1990 October Revolution Parade: Protesters at the Parade

1990 October Revolution Parade: Protesters at the Parade

Throughout the history of the Soviet Union, the state celebrated the anniversary of the October Revolution and the rise of the Bolsheviks lavishly and loudly. However, the 73rd-anniversary parade on 7 November 1990 reflected the growing discord throughout the Soviet Socialist Republics. The public challenged the celebrations imposed on them and relegated the related events from their former position of honor. This would be the last public celebration of the anniversary of the October Revolution and represented a key symbolic step along the path to the dissolution of the Soviet Union and Ukrainian independence.

In all the major cities of the Soviet Union—Kyiv, Moscow, Minsk, Vilnius, Yerevan, Baku, and more—the situation was tense, marked by a competing series of pro- and anti-Communist demonstrations which revealed the broad nature of the discontent throughout the country as a whole. Gorbachev, cognizant of the growing discord, stood atop Lenin’s mausoleum promising reform in addition to the traditional reaffirmation of Lenin’s ideals. However, both his promises and the high-stepping, well-decorated soldiers on parade failed to dissuade dissenters, and one man went so far as to fire a sawed-off shotgun into the air less about 150 yards away from Gorbachev himself.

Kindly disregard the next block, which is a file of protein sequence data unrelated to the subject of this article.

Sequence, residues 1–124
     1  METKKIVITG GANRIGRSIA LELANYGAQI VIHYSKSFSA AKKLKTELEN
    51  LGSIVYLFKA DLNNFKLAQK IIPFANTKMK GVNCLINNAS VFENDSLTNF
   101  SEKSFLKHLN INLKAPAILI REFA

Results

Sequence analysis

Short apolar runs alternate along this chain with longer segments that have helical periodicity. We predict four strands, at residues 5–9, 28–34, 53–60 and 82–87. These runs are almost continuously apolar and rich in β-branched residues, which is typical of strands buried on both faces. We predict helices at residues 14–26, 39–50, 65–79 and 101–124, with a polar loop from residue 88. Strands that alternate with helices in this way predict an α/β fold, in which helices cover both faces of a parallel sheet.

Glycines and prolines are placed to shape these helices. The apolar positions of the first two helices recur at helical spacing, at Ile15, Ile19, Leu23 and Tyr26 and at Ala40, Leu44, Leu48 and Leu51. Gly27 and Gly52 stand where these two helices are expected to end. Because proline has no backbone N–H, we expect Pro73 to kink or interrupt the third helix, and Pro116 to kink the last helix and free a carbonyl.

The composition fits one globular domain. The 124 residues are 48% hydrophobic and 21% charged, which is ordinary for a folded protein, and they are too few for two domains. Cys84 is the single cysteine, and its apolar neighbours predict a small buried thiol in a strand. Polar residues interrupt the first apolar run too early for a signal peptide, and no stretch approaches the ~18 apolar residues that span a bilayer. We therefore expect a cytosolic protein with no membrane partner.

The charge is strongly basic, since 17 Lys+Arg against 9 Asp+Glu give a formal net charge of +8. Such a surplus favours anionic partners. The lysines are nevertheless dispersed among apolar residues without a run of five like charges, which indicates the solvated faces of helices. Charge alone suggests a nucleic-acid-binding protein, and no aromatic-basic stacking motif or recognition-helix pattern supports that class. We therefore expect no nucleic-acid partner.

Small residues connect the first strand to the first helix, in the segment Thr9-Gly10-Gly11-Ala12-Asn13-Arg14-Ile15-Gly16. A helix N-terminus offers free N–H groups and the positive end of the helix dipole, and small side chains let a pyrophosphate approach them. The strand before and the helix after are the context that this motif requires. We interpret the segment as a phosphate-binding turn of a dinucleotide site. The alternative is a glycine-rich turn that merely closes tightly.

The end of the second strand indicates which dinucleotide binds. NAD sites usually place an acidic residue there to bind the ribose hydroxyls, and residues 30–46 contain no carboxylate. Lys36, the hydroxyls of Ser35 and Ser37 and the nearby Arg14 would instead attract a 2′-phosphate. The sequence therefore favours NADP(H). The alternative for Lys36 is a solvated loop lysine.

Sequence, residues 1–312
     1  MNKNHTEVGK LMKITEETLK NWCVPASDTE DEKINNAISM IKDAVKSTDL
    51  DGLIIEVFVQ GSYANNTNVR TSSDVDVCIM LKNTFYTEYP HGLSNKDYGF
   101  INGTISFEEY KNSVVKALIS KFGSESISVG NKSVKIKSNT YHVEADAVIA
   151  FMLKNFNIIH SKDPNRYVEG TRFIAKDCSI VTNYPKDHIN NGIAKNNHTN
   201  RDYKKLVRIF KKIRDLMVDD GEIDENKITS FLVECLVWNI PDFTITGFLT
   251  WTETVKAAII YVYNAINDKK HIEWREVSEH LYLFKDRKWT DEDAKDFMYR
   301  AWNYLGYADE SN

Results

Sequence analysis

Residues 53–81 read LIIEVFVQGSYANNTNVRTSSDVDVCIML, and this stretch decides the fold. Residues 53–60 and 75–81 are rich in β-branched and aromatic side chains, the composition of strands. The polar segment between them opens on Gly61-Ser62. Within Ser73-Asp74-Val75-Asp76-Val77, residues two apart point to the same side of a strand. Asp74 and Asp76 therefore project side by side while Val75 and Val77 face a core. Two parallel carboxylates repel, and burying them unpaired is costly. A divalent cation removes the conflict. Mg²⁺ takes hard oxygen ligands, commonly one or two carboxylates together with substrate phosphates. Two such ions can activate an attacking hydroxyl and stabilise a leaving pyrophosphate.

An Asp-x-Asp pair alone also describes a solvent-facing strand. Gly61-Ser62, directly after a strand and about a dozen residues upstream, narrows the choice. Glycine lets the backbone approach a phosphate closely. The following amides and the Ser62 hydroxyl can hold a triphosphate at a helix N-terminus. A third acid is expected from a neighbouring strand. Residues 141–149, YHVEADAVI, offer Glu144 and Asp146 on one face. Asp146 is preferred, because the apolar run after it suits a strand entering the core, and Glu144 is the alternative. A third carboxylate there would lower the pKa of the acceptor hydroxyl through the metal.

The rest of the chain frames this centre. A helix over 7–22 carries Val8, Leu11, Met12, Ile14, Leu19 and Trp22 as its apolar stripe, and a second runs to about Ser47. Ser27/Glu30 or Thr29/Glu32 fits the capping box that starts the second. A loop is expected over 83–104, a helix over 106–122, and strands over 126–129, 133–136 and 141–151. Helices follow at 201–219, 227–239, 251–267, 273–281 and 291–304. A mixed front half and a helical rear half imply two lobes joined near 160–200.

In Ukraine, in particular, alternative meetings, rallies, and events also challenged the 73rd anniversary celebrations. The leading opposing organizations even requested that November 6 be a day of mourning, to include an afternoon meeting with representatives from all oblasts in Ukraine, and they submitted a formal appeal/protest to the Kyiv City Council on October 31.

The parades were not cancelled, but they were majorly curtailed. In Kyiv, the event was limited to a 9 am to 10 am military parade in Victory Square in contrast to the traditional massive military viewings down Khreshchatyk, the main street in Kyiv. The location change resulted from a Kyiv City Council decree, which also imposed the other limitations. Also breaking from tradition, no full-size tanks were on display.

Opposition rallies (both on Revolution Day and the evening before) drew a crowd of over 25,000 in Kyiv. These Ukrainian democratic forces included representatives from the Ukrainian National Democratic Party, the Ukrainian Peasant-Democratic Party, the Kyiv branch of the Ukrainian Republican Party, the Kyiv regional organization of the Socio-Democratic Party of Ukraine, the Ukrainian interParty Assembly, the Secretariat of the Popular Movement of Ukraine, the Kyiv regional organization of Rukh, and more. In response, police pushed back protesters from the Victory Monument and all the way to the headquarters of Rukh on the eve of Revolution Day and held them there until the end of the sanctioned military parades and celebrations. According to Rukh, the police injured seven people during the altercations, each of whom required hospitalization.

However, demonstrations of violence failed to force Ukrainians or dissenters throughout the Soviet Union to celebrate the anniversary of the October Revolution or to abandon hope for true change and an independent future.